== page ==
Red Sox 6, White Sox 3

Stolen goods

Bay’s HR takes it back for Sox; Ellsbury breaks Harper mark

By Amalie Benjamin
Globe Staff / August 26, 2009

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As Jason Bay sauntered into the clubhouse an hour after the final pitch had been thrown by Jonathan Papelbon, he expressed surprise that there were media members still waiting for him. Not usually the quickest to shower and dress, Bay was asked what delayed him. He gave the news with a wry grin: Along with Jacoby Ellsbury, who broke the team’s season stolen base record, Bay, whose homer broke a 3-3 tie, had gotten drug tested.

No, their feats weren’t what prompted the tests, though they did prompt raucous celebration from the 38,059 at Fenway Park, treated not only to a 6-3 Red Sox win, but a win full of intrigue and drama, miscues, and more miscues.

Then came the 0-2 Scott Linebrink breaking ball to Bay in the eighth. Two offspeed pitches, one a called strike, one a foul, had set up the pitch. Bay took it out, the ball heading to the top of the Monster seats, and sending the home team on its way past the White Sox.

“This is always a constant battle,’’ Bay said. “You go out there, you get a pitch you can drive, and I had some early on that I didn’t swing at. It’s kind of nice to do it when it matters, and put the team up. That’s something I had done a little earlier in the year, with the big hits and then just kind of struggled for the month and a half there, so it was nice to kind of get back and have a big hit for the team when we needed it.’’

Bay can look bad, striking out looking on pitches from Freddy Garcia in the second and fourth innings. He grounded to third in the sixth. And then, just when it seemed his night might be coming to a quiet close, one swing changed everything. As manager Terry Francona said, “That was a beautiful, beautiful swing.’’

“He had thrown me two [offspeed pitches] but it’s still in the back of your mind that he throws 96 miles an hour,’’ Bay said. “You’re just basically looking for a strike, and it was one [curve] that had hung up there. It’s a situation where it’s easier said than done to react, but that’s basically what it was.’’

That kept the Sox up by 1 1/2 games in the wild-card race on Texas, and three ahead of Tampa Bay, with all three teams victorious last night.

But a bit earlier, in the White Sox’ eighth, it had appeared that it might not be that easy.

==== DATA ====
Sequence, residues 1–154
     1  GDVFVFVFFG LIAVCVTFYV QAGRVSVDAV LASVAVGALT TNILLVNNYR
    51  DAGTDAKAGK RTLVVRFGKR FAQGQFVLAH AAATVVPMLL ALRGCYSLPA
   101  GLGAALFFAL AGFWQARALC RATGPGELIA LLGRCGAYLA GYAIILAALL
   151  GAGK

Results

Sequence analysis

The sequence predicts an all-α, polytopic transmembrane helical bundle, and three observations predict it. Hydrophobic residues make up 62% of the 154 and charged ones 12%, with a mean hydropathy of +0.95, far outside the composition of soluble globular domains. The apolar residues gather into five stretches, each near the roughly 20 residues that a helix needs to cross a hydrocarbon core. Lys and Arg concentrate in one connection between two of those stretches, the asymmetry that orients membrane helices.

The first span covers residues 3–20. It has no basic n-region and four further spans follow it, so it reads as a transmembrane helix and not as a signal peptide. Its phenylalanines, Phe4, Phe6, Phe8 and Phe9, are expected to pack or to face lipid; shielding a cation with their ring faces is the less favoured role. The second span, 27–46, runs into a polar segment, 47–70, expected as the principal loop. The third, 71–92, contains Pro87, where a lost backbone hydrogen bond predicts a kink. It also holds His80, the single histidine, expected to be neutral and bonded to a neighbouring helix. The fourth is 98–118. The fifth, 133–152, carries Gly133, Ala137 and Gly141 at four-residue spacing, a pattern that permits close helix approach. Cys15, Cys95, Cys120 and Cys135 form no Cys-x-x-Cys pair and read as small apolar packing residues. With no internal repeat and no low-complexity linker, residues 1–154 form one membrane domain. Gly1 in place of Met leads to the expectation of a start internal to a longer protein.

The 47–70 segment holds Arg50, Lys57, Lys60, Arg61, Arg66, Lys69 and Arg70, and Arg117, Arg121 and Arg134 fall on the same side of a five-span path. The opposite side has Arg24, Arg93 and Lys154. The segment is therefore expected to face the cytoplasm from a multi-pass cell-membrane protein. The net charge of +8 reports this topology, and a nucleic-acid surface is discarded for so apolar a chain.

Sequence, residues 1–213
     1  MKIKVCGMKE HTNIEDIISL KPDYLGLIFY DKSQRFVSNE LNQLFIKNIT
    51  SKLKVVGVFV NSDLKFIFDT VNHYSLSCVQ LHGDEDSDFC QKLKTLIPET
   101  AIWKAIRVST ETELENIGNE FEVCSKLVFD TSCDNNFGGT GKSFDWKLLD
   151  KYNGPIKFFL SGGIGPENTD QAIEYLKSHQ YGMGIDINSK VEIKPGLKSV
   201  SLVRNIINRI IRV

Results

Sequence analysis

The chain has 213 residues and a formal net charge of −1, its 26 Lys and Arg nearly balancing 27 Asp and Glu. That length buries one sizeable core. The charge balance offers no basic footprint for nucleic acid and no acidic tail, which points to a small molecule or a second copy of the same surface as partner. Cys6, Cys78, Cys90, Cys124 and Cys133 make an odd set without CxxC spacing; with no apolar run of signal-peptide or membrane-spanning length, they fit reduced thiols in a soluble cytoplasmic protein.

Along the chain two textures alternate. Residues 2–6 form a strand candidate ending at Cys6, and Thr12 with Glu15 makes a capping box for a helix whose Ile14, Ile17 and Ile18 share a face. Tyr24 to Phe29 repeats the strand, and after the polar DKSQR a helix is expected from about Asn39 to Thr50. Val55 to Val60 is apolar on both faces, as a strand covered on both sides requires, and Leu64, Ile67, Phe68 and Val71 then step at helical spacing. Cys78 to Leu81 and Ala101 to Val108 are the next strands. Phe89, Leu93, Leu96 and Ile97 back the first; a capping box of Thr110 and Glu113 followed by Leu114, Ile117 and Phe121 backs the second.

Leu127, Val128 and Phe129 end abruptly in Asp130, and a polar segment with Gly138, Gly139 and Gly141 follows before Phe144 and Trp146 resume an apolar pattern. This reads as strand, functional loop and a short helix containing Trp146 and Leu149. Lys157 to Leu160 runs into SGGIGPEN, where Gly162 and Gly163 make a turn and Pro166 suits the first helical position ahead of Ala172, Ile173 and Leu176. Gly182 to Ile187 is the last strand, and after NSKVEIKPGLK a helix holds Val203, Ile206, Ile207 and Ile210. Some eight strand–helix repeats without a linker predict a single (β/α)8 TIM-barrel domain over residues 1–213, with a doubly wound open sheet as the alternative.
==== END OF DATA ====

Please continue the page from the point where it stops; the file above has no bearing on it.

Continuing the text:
Hideki Okajima dropped a Carlos Quentin pop to start the inning, showing exactly why pitchers don’t normally go for popups.

Then catcher Victor Martinez tossed the ball back to the mound with the next batter, Paul Konerko, at the plate. But it sailed past the belatedly outstretched glove of Okajima, and reached center field, and Quentin reached second base.

Konerko singled to right, giving the White Sox a prime chance. No outs, men on the corners. But Chicago left them there, as Okajima got Jermaine Dye to pop to short and A.J. Pierzynski to strike out. Manny Delcarmen came on and induced Alex Rios to pop to second.

“Whew,’’ Francona said. “The ball goes up, and it’s got to be Oki’s ball because of the height. I felt like somebody punched me in the stomach, and then before you can even look up, I feel like I got hit with the other hand. That ball’s flying into center. But rather than mope, he beared down and made pitches, and then Manny did also. That was impressive.’’

White Sox manager Ozzie Guillen wasn’t quite in agreement.

“That killed us,’’ Guillen said. “We don’t score and they take advantage of that situation for the next inning. That’s going to be our problem all year long. You watch this ballclub closer - we’re really bad with a man on third base and less than two out. Maybe the worst team in baseball right now. If somebody’s worse than us, that’s a record.’’

Those weren’t the only wacky plays, with the White Sox getting two runs in the seventh when, with two outs and men on second and third, Alexei Ramirez struck out. Except the ball from Jon Lester bounced up and across the plate and got away from Jason Varitek for a wild pitch, with Konerko scoring. Then Chicago took a 3-2 lead on an RBI single by Jayson Nix on a ball that went in and out of the glove of Mike Lowell. That would be it for the White Sox.

The Red Sox tied it in the bottom of the seventh. With one out, Varitek doubled, then was removed for pinch runner Nick Green. That brought up pinch hitter Martinez (for Alex Gonzalez), and he singled to left, scoring Green. Martinez came through again in the eighth after Bay’s homer. He doubled to left, scoring Green, who had singled. Martinez came across on an Ellsbury single.

Ellsbury had doubled in the first and stolen third, his 55th of the season, breaking the team mark set by Tommy Harper in 1973. He then scored on a Dustin Pedroia groundout.

“We’re in the middle of it and we have our work cut out for us,’’ general manager Theo Epstein said before the game. “There’s no guarantee road to the postseason. There’s none in the offseason. There’s not in spring training. There’s not during the year. There’s not now. We’ve got to fight for it and I think we’re prepared to do that and we like the roster we have to try to get that done.’’

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